Advisers at brokerage firms could be about to catch up to registered investment advisers in the social media race, as technology improves and compliance fears ease.
Overly restrictive compliance departments at broker-dealers have been the biggest hurdle in getting brokerage-firm representatives up and running on social media, observers said. Unlike RIAs, many broker-dealers require pre-approval of personal messages, or limit posts to canned corporate material.
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The Financial Industry Regulatory Authority Inc. doesn't require pre-approval of social media posts, but B-Ds have to have “one policy that applies to thousands of advisers, so they take as many precautions as they can,” said Kristen Luke, owner of Wealth Management Marketing, a consulting firm.
Pre-approval can pretty much kill interactive Twitter usage, and limits Facebook and LinkedIn postings as well.
“If you're posting scripted tweets … it won't be relevant,” said Kristin Andree, founder of Andree Media & Consulting, who works with advisers.
Using the “same content used by hundreds or thousands of other advisers” won't be effective in building a following, Ms. Luke added.
But “the tables are about to turn” in the brokerage firms' favor because of better compliance tools, said Michael Kitces, a partner and the director of research for Pinnacle Advisory Group Inc.
He points to technology provider Hearsay Inc., which this month raised $30 million in additional venture capital funding. The company manages social networks for employees of such highly regulated companies as financial firms. In July, Raymond James Financial Inc. signed on as a Hearsay client.
“That's a lot of … dollars and technology being pushed towards larger broker-dealers,” Mr. Kitces said.
Indeed, brokerage firms are making progress on the social media front.
Cambridge Investment Research Inc. lets its representatives post on Twitter, LinkedIn and Facebook, subject to a post-use review, said Cindy Schaus, a Cambridge spokeswoman.
“About a third of our 2,400 advisers are active on some level, and have all their [social-media] accounts in place,” she said.
Commonwealth Financial Network allows use of LinkedIn, Twitter and Facebook.
Representatives cannot make recommendations of specific products or services on Twitter, said John Hagberg, assistant director of licensing and compliance at the firm.
About 1,100 Commonwealth advisers out of 1,450 total are registered for at least one social-media platform.
At LPL Financial LLC, about 5,000 of the firm's advisers, or about 40% of the total, are signed up to use social media. That number is up almost 60% for the year as of August, said Joan Khoury chief marketing officer.
About 36% of LPL reps use LinkedIn, 10% use Facebook and about 6% use Twitter, Ms. Khoury said.
“We do see growth on Twitter because we're all active there,” she said.
LPL advisers must get pre-approval for YouTube videos, but other than that, only static content needs to be pre-approval, Ms. Khoury said.
In a few months, the firm will be rolling out a new social media training program called LPL Digitial IQ.
Raymond James advisers can use Facebook, Twitter and LinkedIn, but content has to be pre-approved.
“It's not real-time [posting] but they usually get approval within a couple hours,” said Katie Berg, product manager for digital assets at Raymond James.
Most advisers seem to use Twitter to follow other people and news, she said, so advisers don't seem to be affected by the delay.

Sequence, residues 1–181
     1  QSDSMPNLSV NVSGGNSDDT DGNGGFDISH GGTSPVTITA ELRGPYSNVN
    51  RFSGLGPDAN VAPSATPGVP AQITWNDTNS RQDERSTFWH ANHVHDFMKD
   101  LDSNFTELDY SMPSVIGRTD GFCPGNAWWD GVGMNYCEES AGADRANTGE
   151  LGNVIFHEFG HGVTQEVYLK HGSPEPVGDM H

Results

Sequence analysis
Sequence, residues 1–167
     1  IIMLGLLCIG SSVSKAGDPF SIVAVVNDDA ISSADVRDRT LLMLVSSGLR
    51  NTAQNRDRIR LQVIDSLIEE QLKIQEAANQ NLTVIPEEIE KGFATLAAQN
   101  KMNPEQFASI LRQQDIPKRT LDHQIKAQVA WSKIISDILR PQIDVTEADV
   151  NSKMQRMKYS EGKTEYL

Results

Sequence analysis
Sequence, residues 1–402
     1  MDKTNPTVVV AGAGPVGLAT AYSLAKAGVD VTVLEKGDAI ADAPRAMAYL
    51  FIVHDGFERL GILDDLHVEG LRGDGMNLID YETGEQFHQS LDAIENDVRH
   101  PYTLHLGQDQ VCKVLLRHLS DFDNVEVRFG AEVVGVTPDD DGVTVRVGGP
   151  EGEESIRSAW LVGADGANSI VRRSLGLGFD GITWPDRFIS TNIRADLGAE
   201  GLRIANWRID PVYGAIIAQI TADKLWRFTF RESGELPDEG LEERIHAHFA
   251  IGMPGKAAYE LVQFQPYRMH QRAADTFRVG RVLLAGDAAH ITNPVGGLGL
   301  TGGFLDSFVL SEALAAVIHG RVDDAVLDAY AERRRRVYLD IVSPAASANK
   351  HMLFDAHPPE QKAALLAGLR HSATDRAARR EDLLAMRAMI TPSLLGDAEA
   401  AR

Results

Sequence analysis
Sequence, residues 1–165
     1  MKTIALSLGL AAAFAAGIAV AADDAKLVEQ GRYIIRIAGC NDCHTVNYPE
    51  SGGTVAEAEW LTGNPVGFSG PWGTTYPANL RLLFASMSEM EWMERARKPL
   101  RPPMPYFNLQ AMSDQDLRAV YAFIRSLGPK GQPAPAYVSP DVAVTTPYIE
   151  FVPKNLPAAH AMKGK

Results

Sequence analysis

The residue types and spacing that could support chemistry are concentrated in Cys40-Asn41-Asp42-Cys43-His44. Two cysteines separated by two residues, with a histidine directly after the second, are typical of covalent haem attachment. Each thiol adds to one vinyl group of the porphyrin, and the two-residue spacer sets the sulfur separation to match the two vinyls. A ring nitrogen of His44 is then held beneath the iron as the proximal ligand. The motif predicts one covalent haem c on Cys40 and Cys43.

“They do a good job of actually getting” content approved, said Chris Beard of Gateway Wealth Strategies, a branch of Raymond James Financial Services Inc.
“But I hope to get to the point where we can put out more content on the spur of the moment,” he said.
Close to 2,000 of Raymond James' 5,300 advisers in its independent and employee channels have connected to the Hearsay software, Ms. Berg said, although not all of those are active users.
Bank of America Merrill Lynch allows its reps to use LinkedIn only, said spokeswoman Susan Atran.
But “advisers have full use of LinkedIn: they can connect, message, invite, search, etc.,” Ms. Atran said. Messages are supervised, but not pre-approved.
“For now, LinkedIn is our primary channel,” Ms. Atran said. “Twitter is looked at more as a firm content channel.”
Merrill adviser James Maltese has used LinkedIn since late 2011 as a way to keep up with his clients.
“I look to see what's going on with my connections,” most of whom are clients, Mr. Maltese said. “A lot of things happen between [client] reviews, like job changes.”
LinkedIn also helps him connect with the children and grandchildren of his clients, Mr. Maltese added.
Wells Fargo Advisors has had a LinkedIn pilot program in place since last September in which about 50 of its advisers can post content. In the meantime, the firm has gotten about of third of its 15,000 reps to put up a profile on LinkedIn, said Jeff Leonard, vice president of digital marketing strategy. This year, the firm added Twitter to the pilot.
“LinkedIn will be our lead platform, at least for the foreseeable future,” Mr. Leonard said.
Expanding posting capability next year to more of the firm's advisers depends on getting funding for the extra cost of compliance software, Mr. Leonard added.
Morgan Stanley has about 4,700 of its reps approved for use of social networking, said spokeswoman Christy Jockle. About 75% use just LinkedIn, and 25% use both LinkedIn and Twitter.
The firm's advisers can send messages and use other LinkedIn functions without pre-approval, but can tweet only pre-approved content, Ms. Jockle said.
Use of social media by Morgan Stanley advisers has seen “steady growth,” Ms. Jockle said, with about two-thirds of the approved reps actively using LinkedIn by sending at least one invitation to a contact.